Scott Walker Will Attend Your Big Gay Wedding Reception, But Not the Wedding Itself

The Wisconsin governor has officially given the most awful answer to the question of whether he'd attend a gay wedding.
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The Wisconsin governor has officially given the most awful answer to the question of whether he'd attend a gay wedding.
ScottWalker

Over the weekend, the New Hampshire #FITN Republican Leadership Summit wound down to the tune of reporters asking this season's crop of Republican presidential hopefuls the hive-minded question, "Would you personally attend a gay wedding?"

The question was asked of at least four attendees, by a least four different reporters, and what emerged was a new take on denying civil rights to millions of people. While former Senator Rick Santorum (R-Penn.) offered up a flat "no," more mainstream hopefuls like Governor John Kasich (R-Ohio) and Sen. Marco Rubio (R-Fla) each said, without hesitation, that they would, and Kasich even claimed to have a gay wedding invite in the can. Their reasoning, if you can call it that, is that sure, they'd like to deny millions of people the right to marry whomever they love (Rubio supported DOMA and may have supported a federal marriage amendment, while Kasich supports a federal amendment), but it's nothing personal.

In Rubio's case, at best, he supports putting his hypothetical gay friend's life, love, and happiness up for a vote, but tried to compare his attendance at an imaginary gay wedding with a second or third marriage. The key difference is, of course, that no one is trying to outlaw divorce, or, funnily enough, to deny services to divorced people. At a personal level, though, what does it say about Rubio that he takes his faith seriously enough to support efforts to make it illegal for people to marry, but not seriously enough that he'll show up in person, and forever hold his peace?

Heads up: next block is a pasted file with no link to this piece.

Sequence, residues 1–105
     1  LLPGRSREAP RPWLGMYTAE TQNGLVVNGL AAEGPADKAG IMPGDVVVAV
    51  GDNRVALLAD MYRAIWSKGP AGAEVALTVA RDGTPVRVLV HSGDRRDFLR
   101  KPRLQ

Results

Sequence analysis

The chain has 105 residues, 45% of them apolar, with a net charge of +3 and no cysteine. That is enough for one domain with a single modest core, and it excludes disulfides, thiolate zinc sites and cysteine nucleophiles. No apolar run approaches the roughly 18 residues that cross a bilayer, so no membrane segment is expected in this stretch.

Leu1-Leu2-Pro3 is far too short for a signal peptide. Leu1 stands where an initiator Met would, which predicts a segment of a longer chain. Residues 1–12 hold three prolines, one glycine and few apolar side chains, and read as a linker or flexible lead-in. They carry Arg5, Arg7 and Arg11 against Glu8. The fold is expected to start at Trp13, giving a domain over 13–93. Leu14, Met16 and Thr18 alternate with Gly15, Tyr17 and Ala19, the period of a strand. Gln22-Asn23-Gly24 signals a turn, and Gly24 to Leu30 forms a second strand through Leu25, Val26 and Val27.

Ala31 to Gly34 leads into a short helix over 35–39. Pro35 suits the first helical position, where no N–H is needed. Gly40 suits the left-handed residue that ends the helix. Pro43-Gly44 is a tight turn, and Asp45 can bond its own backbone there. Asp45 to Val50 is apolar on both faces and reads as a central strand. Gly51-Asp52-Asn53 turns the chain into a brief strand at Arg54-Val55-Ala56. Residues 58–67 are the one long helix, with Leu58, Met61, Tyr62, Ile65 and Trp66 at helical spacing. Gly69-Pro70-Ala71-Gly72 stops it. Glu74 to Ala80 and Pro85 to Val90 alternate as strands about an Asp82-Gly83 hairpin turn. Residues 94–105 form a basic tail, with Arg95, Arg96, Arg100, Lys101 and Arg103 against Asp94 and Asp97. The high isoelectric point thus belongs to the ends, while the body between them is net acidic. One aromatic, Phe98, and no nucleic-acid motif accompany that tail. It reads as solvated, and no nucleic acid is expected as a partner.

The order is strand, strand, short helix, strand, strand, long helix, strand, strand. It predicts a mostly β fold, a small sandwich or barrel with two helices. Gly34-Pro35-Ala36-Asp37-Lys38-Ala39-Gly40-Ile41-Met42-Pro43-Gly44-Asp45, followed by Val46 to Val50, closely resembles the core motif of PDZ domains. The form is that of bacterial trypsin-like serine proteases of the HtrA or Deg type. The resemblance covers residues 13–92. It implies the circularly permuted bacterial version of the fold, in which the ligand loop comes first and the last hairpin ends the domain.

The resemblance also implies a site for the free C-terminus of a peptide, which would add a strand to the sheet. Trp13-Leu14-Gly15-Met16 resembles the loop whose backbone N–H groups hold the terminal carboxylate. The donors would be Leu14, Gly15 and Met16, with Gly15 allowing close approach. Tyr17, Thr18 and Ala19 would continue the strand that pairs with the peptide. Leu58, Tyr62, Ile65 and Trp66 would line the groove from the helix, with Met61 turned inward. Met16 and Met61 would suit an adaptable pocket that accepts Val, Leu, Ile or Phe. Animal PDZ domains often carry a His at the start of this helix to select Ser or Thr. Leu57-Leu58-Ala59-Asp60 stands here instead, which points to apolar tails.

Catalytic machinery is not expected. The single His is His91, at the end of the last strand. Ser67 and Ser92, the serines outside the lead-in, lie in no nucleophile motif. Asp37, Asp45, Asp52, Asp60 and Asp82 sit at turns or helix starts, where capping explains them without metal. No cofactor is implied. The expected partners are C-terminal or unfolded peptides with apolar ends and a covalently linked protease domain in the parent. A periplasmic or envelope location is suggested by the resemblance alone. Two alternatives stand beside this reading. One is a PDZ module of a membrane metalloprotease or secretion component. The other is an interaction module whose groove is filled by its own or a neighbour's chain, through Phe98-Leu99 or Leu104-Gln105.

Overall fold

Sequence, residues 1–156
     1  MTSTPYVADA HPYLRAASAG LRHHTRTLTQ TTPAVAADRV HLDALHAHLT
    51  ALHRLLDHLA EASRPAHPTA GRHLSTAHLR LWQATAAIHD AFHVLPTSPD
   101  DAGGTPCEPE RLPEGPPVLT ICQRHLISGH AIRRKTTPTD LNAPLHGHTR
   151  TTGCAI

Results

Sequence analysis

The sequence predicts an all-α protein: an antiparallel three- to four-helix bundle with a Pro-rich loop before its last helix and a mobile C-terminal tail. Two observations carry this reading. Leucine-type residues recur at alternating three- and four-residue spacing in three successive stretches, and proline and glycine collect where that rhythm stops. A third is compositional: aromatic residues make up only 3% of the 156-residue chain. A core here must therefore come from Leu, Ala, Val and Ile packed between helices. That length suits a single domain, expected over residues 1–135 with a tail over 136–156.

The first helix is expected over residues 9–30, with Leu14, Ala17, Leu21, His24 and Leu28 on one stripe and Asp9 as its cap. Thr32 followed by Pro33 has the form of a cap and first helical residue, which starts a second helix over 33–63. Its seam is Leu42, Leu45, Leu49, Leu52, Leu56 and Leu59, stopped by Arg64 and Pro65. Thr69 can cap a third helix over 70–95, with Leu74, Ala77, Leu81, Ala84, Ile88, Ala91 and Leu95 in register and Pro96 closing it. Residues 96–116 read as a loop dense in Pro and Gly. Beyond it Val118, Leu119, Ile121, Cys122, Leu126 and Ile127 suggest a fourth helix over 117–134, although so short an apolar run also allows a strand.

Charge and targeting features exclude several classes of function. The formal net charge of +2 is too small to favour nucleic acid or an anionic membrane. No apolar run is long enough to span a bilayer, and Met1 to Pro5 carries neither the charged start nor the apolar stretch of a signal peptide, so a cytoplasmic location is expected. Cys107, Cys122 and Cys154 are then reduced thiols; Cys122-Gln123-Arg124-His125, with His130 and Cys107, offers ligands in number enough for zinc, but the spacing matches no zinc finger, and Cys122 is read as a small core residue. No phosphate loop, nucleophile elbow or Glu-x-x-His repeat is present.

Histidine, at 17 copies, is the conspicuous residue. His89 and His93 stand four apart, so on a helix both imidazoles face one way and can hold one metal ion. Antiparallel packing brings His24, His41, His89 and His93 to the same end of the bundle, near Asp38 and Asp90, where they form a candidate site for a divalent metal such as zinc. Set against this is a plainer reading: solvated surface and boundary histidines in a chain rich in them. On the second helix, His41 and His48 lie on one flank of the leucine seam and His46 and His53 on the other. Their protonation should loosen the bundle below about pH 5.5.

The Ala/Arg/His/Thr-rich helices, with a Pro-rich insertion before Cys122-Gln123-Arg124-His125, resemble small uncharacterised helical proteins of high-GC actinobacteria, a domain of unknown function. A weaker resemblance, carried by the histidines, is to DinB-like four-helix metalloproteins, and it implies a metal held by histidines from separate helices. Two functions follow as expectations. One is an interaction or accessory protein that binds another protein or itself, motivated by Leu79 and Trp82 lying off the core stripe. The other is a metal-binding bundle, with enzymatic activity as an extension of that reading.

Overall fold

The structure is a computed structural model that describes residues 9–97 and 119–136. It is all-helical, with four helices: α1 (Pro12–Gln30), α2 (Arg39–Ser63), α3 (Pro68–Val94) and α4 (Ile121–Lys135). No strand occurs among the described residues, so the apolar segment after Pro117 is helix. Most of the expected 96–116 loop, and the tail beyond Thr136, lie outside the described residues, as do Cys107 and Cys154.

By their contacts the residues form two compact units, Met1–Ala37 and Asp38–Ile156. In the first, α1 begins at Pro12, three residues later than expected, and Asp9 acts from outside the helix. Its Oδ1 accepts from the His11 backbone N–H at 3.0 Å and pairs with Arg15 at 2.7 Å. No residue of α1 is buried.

This appears to be a new strategy in the GOP's ongoing effort to paper over their horrible civil rights record, an attempt to humanize themselves to other GOP voters who desperately don't want people to think they're bigots, or bigot-enablers. How can they be, when John Kasich has a gay friend?

Unfortunately, these reporters aren't really asking the necessary followup questions, instead allowing these guys to uncritically claim that they can oppose marriage equality by day, and go to gay weddings on the down-low at night. Maybe they should also be asking candidates if they, personally, would ever disproportionately incarcerate a black, or rip a DREAMer kid from her parents.

The worst (or best) response to these questions, though, had to come from Wisconsin Governor and New Hampshire frontrunner Scott Walker, who, when asked by MSNBC's Kasie Hunt if he would attend a gay wedding, literally decided to have his cake and eat it, too:

https://youtu.be/10Zss-jLOXg

“That’s certainly a personal issue. Tonette and I and our family already had a family member who’s had a reception. I haven't been at a wedding, but that's true even though my position on marriage is still that it's defined between a man and a woman, I still support the constitution of the state, but for someone I love? We've been at a reception.”

So, if Walker really loves you, he will still oppose your right to marry the person you love, and still won't go to your wedding, but he's all about that open bar. At least he'd still have to bring a gift, but it'd probably be a donation in your name to that pizzeria in Indiana.